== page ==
Following the publication of a series of survey results by Worktrotter last week, Politiken wrote that “well-educated foreigners feel rejected”, Jyllands Posten has published an article suggesting Denmark “be more like Switzerland”, The Copenhagen Post interviewed Lars AP about “being (swear word removed) nice to each other”, and in the same paper, my colleague Peter A. Lemmich addressed the debate by asking “Are Danes really Anti-Foreigner?”. I can also refer to our own on-going survey and debate on the Expat in Denmark Blog.
What do the surveys tell us? The Worktrotter survey posits that 54% of the respondents feel that Danes are very, generally, or kind of open. 34% answered “not really”, and 12% don’t think Danes are open to foreigners at all. Interestingly, respondents are also asked to specify why they answer what they do, explaining that their impression of the “openness” is a result of, for example, social interaction, government and authorities, media, language, or the general feeling of not “being treated as equals”.
In my opinion, the report lacks some important methodological considerations resulting in a too simplistic view of a complicated issue; not least what is meant by “open”? Is the foreigner / newcomer / Expat supposed to represent the respondent or a general definition? Do superficial impressions of Danish authorities, politics and media constitute a valid argument?
Moreover, from our own surveys and especially the extensive surveys the like of which have been compiled by Oxford Research in their Expat Study (the latest version being published next month) , the picture is far more complex and sophisticated than can be dealt with a solitary question. For example, yes – a majority of expats feel that Danes could be more open with them. However an even higher number of the same group state (1) that they find Danes friendly and (2) that Denmark is an excellent place to live? A clear picture? As clear as mud, and in need of serious discourse.
Of course, the overall message is one which generally underlines what we have known for quite some time: that retention isn’t just a question of lowering taxes or building more international schools. More than anything else, it’s feeling a part of the society you’re living, working or studying in. At the very least, as part of the local community of foreigners or Expats.
The survey results also demonstrate that it’s still early days for the Expat community – Denmark has only recently experienced an expatriate influx which is both visible and permanent. As we have mentioned before, Expats in Denmark are true pioneers! Society and social culture is only just trying to understand what is going on, and what the practical implications of a new, modern, multi-cultural Denmark are. What is Danish social culture? How do we interact with each other? Until recently, Danes haven’t had to address their social discourse, not to mention its effect on foreigners – expatriate or otherwise. That’s why debates like these are so important, just so long as we recognise the complexity, dynamism, and maintain a positive and constructive attitude.
Danes are generally hesitant of initiating contact with foreigners because they don’t want to ‘trænge sig på’ – to intrude others’ privacy! (Dennis Nørmark)
So what can we do about it?
Well, first of all we (Expats and Danes alike) need to try to understand the Danish social culture and code. Danes won’t change overnight. No ‘big red button’ exists which can be pressed. Had it existed, I’m sure it would have been pressed long before now! In other words, if we wait for Danes to “open up”, we’re in for a very long and frustrating wait.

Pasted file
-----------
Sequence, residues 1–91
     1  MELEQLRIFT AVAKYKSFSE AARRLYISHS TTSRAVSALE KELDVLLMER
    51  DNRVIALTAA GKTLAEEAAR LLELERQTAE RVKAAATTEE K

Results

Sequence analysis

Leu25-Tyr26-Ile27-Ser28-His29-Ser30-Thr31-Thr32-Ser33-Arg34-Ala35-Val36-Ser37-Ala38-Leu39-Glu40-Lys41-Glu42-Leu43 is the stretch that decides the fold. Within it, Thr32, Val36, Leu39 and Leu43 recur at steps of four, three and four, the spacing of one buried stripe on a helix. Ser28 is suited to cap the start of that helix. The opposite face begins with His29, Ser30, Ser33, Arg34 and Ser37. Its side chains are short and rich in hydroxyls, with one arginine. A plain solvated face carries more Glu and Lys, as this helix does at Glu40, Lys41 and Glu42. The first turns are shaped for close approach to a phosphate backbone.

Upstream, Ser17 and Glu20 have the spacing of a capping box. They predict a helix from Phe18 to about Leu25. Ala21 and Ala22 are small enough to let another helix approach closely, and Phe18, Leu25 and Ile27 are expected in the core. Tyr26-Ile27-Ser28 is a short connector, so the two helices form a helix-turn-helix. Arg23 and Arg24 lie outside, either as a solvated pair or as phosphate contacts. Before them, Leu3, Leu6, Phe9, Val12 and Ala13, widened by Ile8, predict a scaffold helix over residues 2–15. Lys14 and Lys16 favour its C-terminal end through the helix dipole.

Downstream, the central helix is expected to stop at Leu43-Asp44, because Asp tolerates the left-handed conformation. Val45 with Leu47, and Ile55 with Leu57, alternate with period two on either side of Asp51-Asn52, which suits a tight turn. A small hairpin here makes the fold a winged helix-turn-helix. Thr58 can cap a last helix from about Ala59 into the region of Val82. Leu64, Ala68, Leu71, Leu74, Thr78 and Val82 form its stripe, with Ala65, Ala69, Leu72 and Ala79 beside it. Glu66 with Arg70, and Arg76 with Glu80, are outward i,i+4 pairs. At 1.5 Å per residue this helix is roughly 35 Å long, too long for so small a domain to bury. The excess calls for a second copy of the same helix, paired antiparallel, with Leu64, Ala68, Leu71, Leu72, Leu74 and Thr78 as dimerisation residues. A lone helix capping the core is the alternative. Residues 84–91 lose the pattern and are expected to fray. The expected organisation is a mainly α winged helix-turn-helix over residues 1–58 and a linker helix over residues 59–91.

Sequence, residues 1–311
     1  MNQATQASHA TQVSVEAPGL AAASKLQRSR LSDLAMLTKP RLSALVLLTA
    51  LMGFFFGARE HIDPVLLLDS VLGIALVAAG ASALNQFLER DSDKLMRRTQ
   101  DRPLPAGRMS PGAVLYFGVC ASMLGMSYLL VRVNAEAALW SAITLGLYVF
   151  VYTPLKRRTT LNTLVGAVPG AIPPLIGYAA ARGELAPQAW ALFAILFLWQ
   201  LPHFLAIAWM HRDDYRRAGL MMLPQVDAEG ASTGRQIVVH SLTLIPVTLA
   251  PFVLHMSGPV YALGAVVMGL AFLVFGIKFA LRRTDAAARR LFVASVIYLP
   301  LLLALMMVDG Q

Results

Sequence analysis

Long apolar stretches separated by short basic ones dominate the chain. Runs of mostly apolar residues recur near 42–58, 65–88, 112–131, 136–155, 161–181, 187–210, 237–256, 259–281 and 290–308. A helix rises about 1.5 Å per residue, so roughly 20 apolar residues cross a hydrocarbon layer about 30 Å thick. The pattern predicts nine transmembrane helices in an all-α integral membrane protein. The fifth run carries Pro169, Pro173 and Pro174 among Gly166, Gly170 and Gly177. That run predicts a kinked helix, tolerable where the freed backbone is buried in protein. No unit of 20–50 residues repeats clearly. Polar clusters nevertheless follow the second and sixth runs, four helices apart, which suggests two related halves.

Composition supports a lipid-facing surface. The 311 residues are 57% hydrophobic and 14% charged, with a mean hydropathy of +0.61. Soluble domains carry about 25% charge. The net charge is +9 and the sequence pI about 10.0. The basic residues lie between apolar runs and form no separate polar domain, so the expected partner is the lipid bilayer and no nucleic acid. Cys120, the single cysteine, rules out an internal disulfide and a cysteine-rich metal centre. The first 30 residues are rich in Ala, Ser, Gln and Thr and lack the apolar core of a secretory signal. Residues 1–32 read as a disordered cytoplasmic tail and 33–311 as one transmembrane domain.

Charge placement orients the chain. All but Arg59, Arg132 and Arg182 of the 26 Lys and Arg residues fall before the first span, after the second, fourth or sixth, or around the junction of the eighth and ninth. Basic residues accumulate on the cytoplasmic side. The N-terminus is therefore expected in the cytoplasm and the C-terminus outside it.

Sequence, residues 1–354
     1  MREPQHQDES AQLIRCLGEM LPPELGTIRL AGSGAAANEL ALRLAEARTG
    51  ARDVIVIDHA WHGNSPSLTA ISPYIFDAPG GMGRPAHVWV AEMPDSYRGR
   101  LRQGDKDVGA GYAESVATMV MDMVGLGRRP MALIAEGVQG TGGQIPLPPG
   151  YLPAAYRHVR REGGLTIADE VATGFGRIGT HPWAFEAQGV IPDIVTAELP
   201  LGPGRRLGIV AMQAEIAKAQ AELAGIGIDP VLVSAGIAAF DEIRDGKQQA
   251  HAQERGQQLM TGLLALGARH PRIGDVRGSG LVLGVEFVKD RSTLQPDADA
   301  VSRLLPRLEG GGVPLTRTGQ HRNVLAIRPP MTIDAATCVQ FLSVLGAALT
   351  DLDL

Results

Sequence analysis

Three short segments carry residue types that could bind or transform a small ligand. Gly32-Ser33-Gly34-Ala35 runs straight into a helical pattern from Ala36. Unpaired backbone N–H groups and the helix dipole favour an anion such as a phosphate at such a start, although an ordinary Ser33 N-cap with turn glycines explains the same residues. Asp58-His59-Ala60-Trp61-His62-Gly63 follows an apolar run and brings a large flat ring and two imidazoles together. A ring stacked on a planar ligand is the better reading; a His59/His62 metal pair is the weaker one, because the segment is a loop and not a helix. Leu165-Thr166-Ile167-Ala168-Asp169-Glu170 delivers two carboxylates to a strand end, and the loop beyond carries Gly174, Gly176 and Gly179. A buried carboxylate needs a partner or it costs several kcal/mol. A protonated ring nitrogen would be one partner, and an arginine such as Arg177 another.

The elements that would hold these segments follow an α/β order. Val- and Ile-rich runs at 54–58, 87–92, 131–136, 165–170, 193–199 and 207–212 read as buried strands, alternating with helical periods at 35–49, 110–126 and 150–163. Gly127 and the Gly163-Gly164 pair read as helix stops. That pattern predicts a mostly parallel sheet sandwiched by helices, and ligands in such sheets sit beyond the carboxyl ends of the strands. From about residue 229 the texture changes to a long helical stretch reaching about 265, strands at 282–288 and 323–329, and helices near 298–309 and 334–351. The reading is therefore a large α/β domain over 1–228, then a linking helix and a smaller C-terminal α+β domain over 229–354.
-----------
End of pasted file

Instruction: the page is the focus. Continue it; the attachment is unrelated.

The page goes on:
Dennis Nørmark, anthropologist, commentator and consultant at Living Institute confirms this: “If you wait for the Danes to take the initiative, you’ll probably be waiting forever”. According to studies, however, this isn’t because they don’t want to meet expatriates. Danes just generally don’t initiate contact with people they don’t know in advance, or know through someone or something. As Lars AP, the man who wants Danes to “be nice” says, 42% of Danes don’t intiate contact because they respect the privacy of the other. As Dennis Nørmark puts it, “Danes are generally hesitant of initiating contact with foreigners because they don’t want to ‘trænge sig på’ – to intrude others’ privacy!”
This cultural trait doesn’t just apply to foreigners – as any Dane will tell you, it applies to other Danes as well! In other words, they’re actually trying to be nice by showing you that they respect you. It seems cold (and no, it’s not exactly the latino spirit), but in, by far, the majority of cases it’s neither racism, xenophobia or particularly anti-foreign.
The logical consequence then is for Expats to initiate the contact. We need to be “first-movers” and challenge the social bubble that surrounds the Danes. Again, there’s no one-size-fits-all solution, but you could try to invite a colleague out for a beer, a couple you’ve met over for an informal (!) dinner, or suggest a family activity if you have kids. If you’re learning Danish, you might suggest a weekly 1-hour coffee+language session. Just remember to keep the relationship light, and expectations realistic and clear.
Books like the Xenophobes Guide to Danes are a wonderfully entertaining read, and do indeed point to many of the traits that frustrate expats. There are, however, around 30 Xenephobes Guides to various nationalities, not just the one book about the Danes. One might pause to wonder why.
If Danes really are cold, then we probably just need to chill. Denmark and the Danes will surely open up over time, but they’re not going to do it on command, and they’re not going to do it without the patient warmth of the Expat community.